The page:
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FIM PowerShell Extension

    General discussion

  • I just wanted to share this with the community as I have found it extremely powerful in implementing FIM. It is a FIM extension that runs PowerShell scripts for the IMVSynchronization and IMASynchronization interfaces. I have example scripts and what I think is enough documentation to get people started assuming they are familiar with the concepts of those two interfaces.

    I'm also looking for feedback. I have been using this (in many cases instead of code-less portal sync rules) in a pre-production environment for 2 months. I plan to roll it into a full production (40k user objects) environment in the next month.

    http://fim.codeplex.com 

    Friday, July 01, 2011 8:04 PM

All replies

  • Interesting...

    PowerShell vs C#/VB knowledge aside, what's the value prop here?


    My Book - Active Directory, 4th Edition
    My Blog - www.briandesmond.com
    Saturday, July 02, 2011 12:49 AM
  • I just <3 powershell :)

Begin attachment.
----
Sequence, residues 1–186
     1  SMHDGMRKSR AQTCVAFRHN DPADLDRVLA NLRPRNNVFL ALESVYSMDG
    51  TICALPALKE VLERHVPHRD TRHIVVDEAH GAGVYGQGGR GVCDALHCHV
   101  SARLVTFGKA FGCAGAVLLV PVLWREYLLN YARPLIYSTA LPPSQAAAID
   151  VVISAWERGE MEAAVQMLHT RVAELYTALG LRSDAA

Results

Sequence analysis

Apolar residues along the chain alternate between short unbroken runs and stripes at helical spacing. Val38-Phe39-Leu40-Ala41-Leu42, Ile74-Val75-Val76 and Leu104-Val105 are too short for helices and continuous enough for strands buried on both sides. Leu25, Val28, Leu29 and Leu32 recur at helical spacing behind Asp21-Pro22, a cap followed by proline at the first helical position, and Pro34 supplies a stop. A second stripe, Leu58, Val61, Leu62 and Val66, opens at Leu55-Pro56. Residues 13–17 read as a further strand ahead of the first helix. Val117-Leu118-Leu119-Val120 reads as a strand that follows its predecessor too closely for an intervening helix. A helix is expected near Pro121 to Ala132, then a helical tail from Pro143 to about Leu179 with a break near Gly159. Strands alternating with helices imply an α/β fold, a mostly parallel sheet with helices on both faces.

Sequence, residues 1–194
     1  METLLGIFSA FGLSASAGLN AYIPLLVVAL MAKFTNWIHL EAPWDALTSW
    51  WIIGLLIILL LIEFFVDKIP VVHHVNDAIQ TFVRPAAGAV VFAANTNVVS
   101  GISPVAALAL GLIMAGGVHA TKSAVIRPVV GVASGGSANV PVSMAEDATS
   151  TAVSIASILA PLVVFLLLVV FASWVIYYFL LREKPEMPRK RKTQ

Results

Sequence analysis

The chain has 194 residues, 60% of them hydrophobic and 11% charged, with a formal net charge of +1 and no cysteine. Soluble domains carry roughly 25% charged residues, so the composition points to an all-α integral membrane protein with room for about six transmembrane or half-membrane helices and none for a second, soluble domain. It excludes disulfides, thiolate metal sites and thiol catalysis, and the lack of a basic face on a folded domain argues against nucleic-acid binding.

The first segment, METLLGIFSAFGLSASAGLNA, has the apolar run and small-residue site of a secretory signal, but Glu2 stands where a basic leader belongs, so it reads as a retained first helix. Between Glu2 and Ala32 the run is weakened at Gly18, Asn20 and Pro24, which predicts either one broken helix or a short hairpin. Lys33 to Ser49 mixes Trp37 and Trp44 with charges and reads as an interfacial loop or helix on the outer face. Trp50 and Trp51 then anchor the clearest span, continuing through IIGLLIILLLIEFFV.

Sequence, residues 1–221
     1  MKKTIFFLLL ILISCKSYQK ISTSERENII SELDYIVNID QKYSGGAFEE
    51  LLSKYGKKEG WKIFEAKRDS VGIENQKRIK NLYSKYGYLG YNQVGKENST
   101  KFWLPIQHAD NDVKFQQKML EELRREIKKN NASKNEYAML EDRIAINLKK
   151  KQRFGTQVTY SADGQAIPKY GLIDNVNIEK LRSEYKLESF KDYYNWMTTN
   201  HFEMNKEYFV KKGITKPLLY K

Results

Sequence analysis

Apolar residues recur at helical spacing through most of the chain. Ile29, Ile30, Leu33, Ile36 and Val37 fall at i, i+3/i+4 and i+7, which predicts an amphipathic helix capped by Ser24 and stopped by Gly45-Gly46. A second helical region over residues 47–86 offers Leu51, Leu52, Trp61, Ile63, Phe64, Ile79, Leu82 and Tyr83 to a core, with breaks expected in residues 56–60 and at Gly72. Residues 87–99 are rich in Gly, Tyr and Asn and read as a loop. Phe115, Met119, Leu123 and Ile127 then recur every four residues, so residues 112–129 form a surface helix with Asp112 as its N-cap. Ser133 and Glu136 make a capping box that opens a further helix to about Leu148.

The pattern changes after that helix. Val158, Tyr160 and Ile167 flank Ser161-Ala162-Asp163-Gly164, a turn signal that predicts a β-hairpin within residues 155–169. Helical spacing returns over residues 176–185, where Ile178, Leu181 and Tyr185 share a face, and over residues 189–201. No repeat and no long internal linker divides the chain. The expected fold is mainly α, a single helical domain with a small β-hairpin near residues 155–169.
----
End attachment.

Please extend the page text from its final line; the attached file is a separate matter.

Really though, PowerShell was way easier teaching my team of windows sysadmins vs c#/vb fundamentals let alone the VS IDE. Getting development to own code in FIM would also be a struggle as we don't have an I.T. centric group of coders (they are divided by business unit mainly for all business units except I.T.!!). So, with this simple extension, now our sysadmins can understand some of the more complex provisioning processes within FIM without understanding a lot about .NET.

    Compiling code every time I want to tweak something just seems odd, plus usually having VS on a server that is running FIM, even a test server, is not something as a sysadmin i approve of; though I just copied the dll from the installer to use as a reference for the build of the extension on my workstation.

    I would imagine MS could integrate PowerShell or extensible code-less provisioning into the FIM portal and reduce the need for extensions all together, but until then, this is a way easier option at the moment, especially for deploys that don't require FIM portal.

    Tuesday, July 05, 2011 12:24 PM